As the financial watchdog for the City of Philadelphia, the Office of the City Controller works to ensure the efficient and effective operation of the city government. In that capacity, the office evaluates issues that impact the City’s finances, its ability to provide services to residents and possible policy solutions. As part of that goal, the Controller’s Office studied the rise in homicides in Philadelphia. In 2018, Philadelphia had the highest homicide rate per capita of the top ten largest cities with 351 murders – the most homicides in more than a decade. As of today, Philadelphia is on track to match or surpass last year’s recent high. Rather than looking at the devastating human cost and community trauma implications of a homicide, which is difficult to quantify, the Controller’s Office analysis focused on the impact of homicides on property values and the potential increase in tax revenue from reducing homicides. The report uses the potential economic benefit as a leverage point to consider alternate or more concerted investment in proven violence reduction strategies
When discussing homicides, it is important to note that the vast majority of homicides involve a firearm and gun violence does not affect all populations or communities equally in Philadelphia. The population most affected by this violence is young, black or African American men. Gun violence is deeply complicated and the impact of social and economic disinvestment, along with intergenerational structural racism including residential segregation, cannot be understated.
The Impact of Homicides on Property Values
This study analyzed all homicides (4,121) and more than 220,000 residential property sales that occurred between 2006 and 2018. It identifies sales in the immediate vicinity of a homicide, comparing the prices just before and just after the homicide to similar price changes for homes that are farther away, unaffected by the homicide. The results of the study show that homicides have a sizable effect on residential property sale prices.
- On average, sales that occur closer to a homicide tend to have lower prices than sales that occur farther from a homicide. Our results indicate that a single homicide lowers sale prices by 2.3 percent in the immediate neighborhood (within 0.75 miles of the homicide). Therefore, a reduction of one homicide would lead to a corresponding 2.3 percent increase of sale prices in the immediate neighborhood
- A single year reduction of homicides by 10 percent translates to about a $13 million increase in property tax revenue. Reducing homicides by 10 percent annually for five years translates to a total increase of $114 million in property tax revenue, including $43 million in year five alone.
With any meaningful reduction in gun violence, the City would likely experience a number of secondary economic benefits, in addition to increasing property tax revenue. Research shows that reducing gun violence could positively impact business disinvestment, job loss and depopulation in the most disadvantaged neighborhoods in the city.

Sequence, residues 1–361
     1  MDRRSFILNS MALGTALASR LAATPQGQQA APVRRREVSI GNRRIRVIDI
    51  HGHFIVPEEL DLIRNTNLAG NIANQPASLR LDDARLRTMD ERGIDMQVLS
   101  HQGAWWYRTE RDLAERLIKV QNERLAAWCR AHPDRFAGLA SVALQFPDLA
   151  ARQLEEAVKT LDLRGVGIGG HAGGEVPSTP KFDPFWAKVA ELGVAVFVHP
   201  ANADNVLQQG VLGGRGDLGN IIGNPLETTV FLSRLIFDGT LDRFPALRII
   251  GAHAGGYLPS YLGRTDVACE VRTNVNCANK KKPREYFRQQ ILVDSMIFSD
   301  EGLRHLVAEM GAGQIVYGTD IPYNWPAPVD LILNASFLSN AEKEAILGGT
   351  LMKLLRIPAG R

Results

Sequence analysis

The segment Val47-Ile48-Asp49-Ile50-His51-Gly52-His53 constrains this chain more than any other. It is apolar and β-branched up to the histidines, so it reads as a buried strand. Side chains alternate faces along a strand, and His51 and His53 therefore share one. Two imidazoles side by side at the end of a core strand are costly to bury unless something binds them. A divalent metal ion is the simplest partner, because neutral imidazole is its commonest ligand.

Investment in Violence Reduction Solutions
While Philadelphia’s homicide rate has increased by 41 percent since 2013, other major cities have seen their homicide rates decrease in recent years. Violence reduction efforts in other cities show that relatively small amounts of funding, if invested in and implemented correctly, can lead to large reductions in homicide rates. Considerable evidence shows that strategies like Cure Violence, Group Violence Intervention and cognitive behavioral therapy are successful. The Oakland plan, for example, has been credited with a 32 percent decrease in gun homicides in the five years after its implementation in 2012. Oakland saw its homicide rate, overall, drop by nearly 50 percent over the same time period.
Research suggests that if the City invested $30,000 per homicide in these proven violence reduction strategies, homicides could decrease by 10 percent annually. Using this research and Philadelphia’s 2018 homicide total, the Controller’s Office determined that Philadelphia could reduce homicides by 35 percent with a $43 million investment over a five year period. This decrease in homicides would translate into a more than $70 million return on investment, increased property tax revenue minus program costs.
Ultimately, meaningful progress to reduce gun violence and homicides will require short- and long-term solutions that address the violence itself, as well as the underlying structural and historical issues that lead to it. It will also need a coordinated and well-funded partnership between the mayor, community stakeholders, the district attorney, the police department, and the courts, with due consideration given to the victims of this violence and their families. The work in this report was conducted to help further necessary conversations to ensure meaningful progress can occur.